Regulators are also pushing for more up-to-date information as markets continue to be volatile.
However, the compliance department may take a long time to pull together all the information as collaterals may be captured elsewhere and trade finance may not know the current aggregate exposure to a country or sector. Regulator queries may require a large amount of time and effort but with low confidence in the quality of submitted responses.
As the crux of the issue is around systems, there is a tremendous opportunity for banks to extract efficiency gains with a system update.
The global trend sweeping credit management systems in banks is to take it out of core systems and make it an enterprise solution.
This allows credit information to be aggregated but with different stakeholders viewing different information with a different dashboard. Management can look at the overall portfolio profile while sales can assess counterparty exposure.
However, credit management is usually not seen as a prime candidate for transformation by senior management compared to other more "value-adding" parts of the corporate banking business.
When there is no top-level leadership to lead the bank to revamp credit management processes and systems, decision-making can be led purely from the technology side.
When the technology or IT department leads the charge with little strategic decision-making from the business side, the bank may end up with a solution that may not be the most appropriate for efficient credit management and requires a lot of integration.
The IT department may want a sweeping standardisation across the enterprise for greater overall efficiency. However, this may lead to some banks adopting document management systems for credit management.
This may solve the problem of paperwork but does not address business processes that are needed to link the many stakeholders in the credit management process. The lack of domain expertise in this field may also result in long-drawn implementation and massive integration to business user requirements later on.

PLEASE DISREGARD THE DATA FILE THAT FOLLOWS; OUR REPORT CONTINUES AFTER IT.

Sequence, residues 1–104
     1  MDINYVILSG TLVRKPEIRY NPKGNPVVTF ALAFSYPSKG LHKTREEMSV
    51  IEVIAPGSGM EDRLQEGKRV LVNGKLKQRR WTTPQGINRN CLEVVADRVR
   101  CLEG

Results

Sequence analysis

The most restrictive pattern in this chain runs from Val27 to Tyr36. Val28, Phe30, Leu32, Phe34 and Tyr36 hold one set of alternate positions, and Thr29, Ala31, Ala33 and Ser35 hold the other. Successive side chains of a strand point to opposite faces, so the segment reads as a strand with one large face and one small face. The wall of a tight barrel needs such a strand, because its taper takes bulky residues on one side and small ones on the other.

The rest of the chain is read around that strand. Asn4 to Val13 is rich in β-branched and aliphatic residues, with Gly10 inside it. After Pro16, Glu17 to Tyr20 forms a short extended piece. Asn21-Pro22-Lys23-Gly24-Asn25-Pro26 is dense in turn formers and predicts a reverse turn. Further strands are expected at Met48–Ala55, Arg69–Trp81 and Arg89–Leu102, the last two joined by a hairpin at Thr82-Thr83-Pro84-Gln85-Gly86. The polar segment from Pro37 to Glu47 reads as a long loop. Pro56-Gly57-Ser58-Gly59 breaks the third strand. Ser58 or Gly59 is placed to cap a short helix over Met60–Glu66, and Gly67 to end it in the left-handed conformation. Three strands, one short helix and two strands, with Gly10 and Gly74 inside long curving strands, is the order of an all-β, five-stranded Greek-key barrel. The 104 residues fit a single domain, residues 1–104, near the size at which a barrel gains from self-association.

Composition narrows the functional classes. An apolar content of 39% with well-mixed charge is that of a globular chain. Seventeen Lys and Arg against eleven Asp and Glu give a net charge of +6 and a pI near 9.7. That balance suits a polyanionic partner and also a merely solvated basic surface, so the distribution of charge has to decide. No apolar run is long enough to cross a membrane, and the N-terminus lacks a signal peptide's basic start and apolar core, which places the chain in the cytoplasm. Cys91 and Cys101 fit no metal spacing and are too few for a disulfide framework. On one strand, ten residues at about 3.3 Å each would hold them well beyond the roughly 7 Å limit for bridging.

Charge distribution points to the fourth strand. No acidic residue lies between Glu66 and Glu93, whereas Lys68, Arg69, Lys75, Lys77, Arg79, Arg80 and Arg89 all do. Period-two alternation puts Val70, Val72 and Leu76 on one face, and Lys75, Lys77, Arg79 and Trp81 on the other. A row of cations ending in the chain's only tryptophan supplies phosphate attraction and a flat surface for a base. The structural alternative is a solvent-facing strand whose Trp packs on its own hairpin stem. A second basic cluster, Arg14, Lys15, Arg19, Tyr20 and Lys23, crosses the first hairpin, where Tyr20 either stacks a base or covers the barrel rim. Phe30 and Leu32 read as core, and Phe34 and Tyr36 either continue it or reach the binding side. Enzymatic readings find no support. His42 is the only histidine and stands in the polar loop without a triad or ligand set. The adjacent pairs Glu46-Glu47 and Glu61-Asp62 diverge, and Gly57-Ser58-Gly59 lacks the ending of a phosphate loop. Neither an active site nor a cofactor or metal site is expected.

A complete overhaul may be prohibitive in terms of cost and effort required. However, banks can focus on opportunities with an efficient credit management system with a proper limit management system and back-end processing system.
Some banks have successfully introduced innovation in credit management through incremental transformation.
According to the CEB TowerGroup 2015 Adoption and Investment survey, better risk management and process improvement stand out as the most important value driver for technology investment.
Project sponsors for credit management can start by updating the system of record or the credit approval and monitoring system - areas that will have a direct impact on risk management and process improvement across different divisions.
By achieving these larger business goals, the sponsors will be able to secure broad project and budget support during system evaluation and investment decision.
At the same time, analytics can be effectively utilised. Currently, the bank essentially provides a data dump to their customers with reports around balances, payments, stock transaction. By providing insights and trends information in addition to more flexible reports, banks can help their clients with their own tracking and forecasting.
There are real opportunities for banks to revamp their credit management systems to reduce exposure to risk, decrease turnaround time for loan processing, reduce cost of servicing and extract greater efficiency from their existing business.
Good economic conditions may mask credit problems by allowing even the marginal credits to perform well enough to avoid defaults. However, the current market volatility means that banks need to be prepared with the right tools and accurate information to avoid potential reputation, financial and operational risks. It is sync or sink for credit management.